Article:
By Angelica Colon, Cynthia Couperus and Dr. Helen Griffith
Most four-year-college-bound high school seniors in San Diego have received their admissions decisions and are now in the process of choosing what university to attend. There are also thousands of students, however, who may have found themselves in an unexpected situation — they’ve been waitlisted for their top choice school.
There can be a lot of confusion with being waitlisted. Many assume they should just wait. After all, it’s called a waitlist. Fortunately, there are many proactive — and ethical — ways to increase a student’s likelihood of being accepted.
The first step is to decide if this school is still the student’s top choice and if they want to remain on the waitlist. Something to consider is that since the student is notified later than other students of acceptance, housing and financial aid options may be more limited. That said, students who are committed to attending their top college, where they were waitlisted, should formally accept the offer and then make an action plan to maximize their chances of being selected.
The second step is to understand and accept what a waitlist really is. Generally speaking, students on a waitlist are not ranked for an order of acceptance. There are many reasons for this, but one is that universities generally attempt to fulfill all of their seats for all of their programs. For example, a university has discovered it has 100 seats to offer on the waitlist — 75 of those seats are for the arts and sciences and the other 25 are for business. In this scenario, virtually nobody on the waitlist for engineering or math would be accepted, but a good number in the arts and sciences would. Additionally, admissions offices may or may not determine that they need to draw from the waitlist strategically taking into account students’ majors, regions, talents, gender, or racial and ethnic background. These things are out of a student’s hands.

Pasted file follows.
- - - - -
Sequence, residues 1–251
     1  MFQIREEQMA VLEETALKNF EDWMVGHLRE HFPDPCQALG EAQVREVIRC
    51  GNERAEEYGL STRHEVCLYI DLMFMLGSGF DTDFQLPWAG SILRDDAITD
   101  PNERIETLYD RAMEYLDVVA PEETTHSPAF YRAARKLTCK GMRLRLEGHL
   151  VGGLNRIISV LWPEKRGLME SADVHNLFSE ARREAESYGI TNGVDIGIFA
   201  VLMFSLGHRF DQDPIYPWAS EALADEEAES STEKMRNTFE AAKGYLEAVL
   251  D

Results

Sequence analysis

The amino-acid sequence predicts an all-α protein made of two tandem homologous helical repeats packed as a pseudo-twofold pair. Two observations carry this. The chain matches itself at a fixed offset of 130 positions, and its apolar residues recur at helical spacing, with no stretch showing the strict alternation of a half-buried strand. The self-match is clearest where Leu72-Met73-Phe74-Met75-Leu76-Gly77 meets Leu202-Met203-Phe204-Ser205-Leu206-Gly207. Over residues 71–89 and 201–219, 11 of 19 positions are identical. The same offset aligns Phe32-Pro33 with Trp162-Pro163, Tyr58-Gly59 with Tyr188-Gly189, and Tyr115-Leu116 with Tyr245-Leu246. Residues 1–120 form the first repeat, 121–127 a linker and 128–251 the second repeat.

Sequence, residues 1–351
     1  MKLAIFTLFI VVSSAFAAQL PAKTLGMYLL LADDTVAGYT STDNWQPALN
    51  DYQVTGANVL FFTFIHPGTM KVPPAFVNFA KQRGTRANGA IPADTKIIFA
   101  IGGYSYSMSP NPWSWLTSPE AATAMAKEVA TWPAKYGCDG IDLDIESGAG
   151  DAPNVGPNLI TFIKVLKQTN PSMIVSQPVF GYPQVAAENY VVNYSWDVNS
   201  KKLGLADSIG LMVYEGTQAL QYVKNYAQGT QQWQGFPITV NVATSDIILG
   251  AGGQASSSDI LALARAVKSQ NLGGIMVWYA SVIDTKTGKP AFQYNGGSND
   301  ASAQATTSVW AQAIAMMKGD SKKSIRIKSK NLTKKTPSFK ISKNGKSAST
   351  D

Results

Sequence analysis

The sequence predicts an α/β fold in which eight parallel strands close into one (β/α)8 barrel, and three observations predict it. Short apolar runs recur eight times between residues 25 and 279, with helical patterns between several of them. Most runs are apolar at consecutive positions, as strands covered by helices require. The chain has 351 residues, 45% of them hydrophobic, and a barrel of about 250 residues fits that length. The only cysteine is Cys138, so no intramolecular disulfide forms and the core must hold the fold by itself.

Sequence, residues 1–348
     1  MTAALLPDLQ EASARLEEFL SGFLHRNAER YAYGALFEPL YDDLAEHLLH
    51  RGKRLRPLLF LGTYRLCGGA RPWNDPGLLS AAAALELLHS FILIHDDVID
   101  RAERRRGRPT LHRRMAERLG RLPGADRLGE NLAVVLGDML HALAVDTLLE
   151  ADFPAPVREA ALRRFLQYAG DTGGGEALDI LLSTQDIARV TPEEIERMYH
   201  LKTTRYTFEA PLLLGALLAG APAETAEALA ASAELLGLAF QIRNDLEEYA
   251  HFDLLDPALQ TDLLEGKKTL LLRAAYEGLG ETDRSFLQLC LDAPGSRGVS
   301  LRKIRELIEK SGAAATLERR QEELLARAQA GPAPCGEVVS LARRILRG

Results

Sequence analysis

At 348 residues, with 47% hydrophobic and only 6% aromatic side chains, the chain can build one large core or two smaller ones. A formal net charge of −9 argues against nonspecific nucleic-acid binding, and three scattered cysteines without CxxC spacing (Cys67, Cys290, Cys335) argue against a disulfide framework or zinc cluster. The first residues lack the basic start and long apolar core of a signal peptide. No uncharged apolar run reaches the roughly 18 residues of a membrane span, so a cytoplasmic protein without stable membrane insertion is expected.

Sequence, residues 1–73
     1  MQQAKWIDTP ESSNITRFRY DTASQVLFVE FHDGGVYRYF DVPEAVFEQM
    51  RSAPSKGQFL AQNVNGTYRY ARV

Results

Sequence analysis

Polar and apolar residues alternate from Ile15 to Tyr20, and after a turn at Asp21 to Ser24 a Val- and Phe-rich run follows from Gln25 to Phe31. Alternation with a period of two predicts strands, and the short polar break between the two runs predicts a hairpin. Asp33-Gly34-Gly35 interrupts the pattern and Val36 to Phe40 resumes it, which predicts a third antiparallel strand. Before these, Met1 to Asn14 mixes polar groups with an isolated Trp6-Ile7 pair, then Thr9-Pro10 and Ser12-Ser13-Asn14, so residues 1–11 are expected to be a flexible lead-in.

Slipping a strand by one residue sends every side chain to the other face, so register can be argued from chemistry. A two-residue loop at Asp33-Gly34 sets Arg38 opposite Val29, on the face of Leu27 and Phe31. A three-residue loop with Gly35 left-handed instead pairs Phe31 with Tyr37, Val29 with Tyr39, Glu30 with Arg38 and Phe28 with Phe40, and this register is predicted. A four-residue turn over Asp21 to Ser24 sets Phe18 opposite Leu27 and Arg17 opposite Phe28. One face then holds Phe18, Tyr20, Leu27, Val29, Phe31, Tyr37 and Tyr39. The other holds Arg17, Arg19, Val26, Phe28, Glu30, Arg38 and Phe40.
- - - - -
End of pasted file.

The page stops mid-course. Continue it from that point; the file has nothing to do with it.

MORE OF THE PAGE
Colleges accept more applications than they have spots for based on their past yield rate, which is the percentage of students who accept admissions offers. The smaller the school and the higher the yield, the fewer spots can be drawn from the waitlist.
Last year, Harvard accepted about 2,000 students to fill just over 1,650 spots in its freshman class. With an 82% yield, they were able to take 63 students from the waitlist. While Harvard does not disclose the size of its waitlist, Yale, Princeton, and Stanford typically have waitlists between 1,000-1,500 students.
It’s important to remember that every year, there are schools that are not able to accept anyone from the waitlist because their yield was higher than anticipated.
The third step is to commit to another university by the May 1 deadline. The large majority of students that get admitted from the waitlist do not find out until after decision day. Since there is no guarantee of admission, students must secure their seat at another school. In order to do this, the student must pay an intent-to-enroll deposit, which is usually nonrefundable.
The last step is to create an action plan to show the student’s top choice school that they are still their No. 1 choice.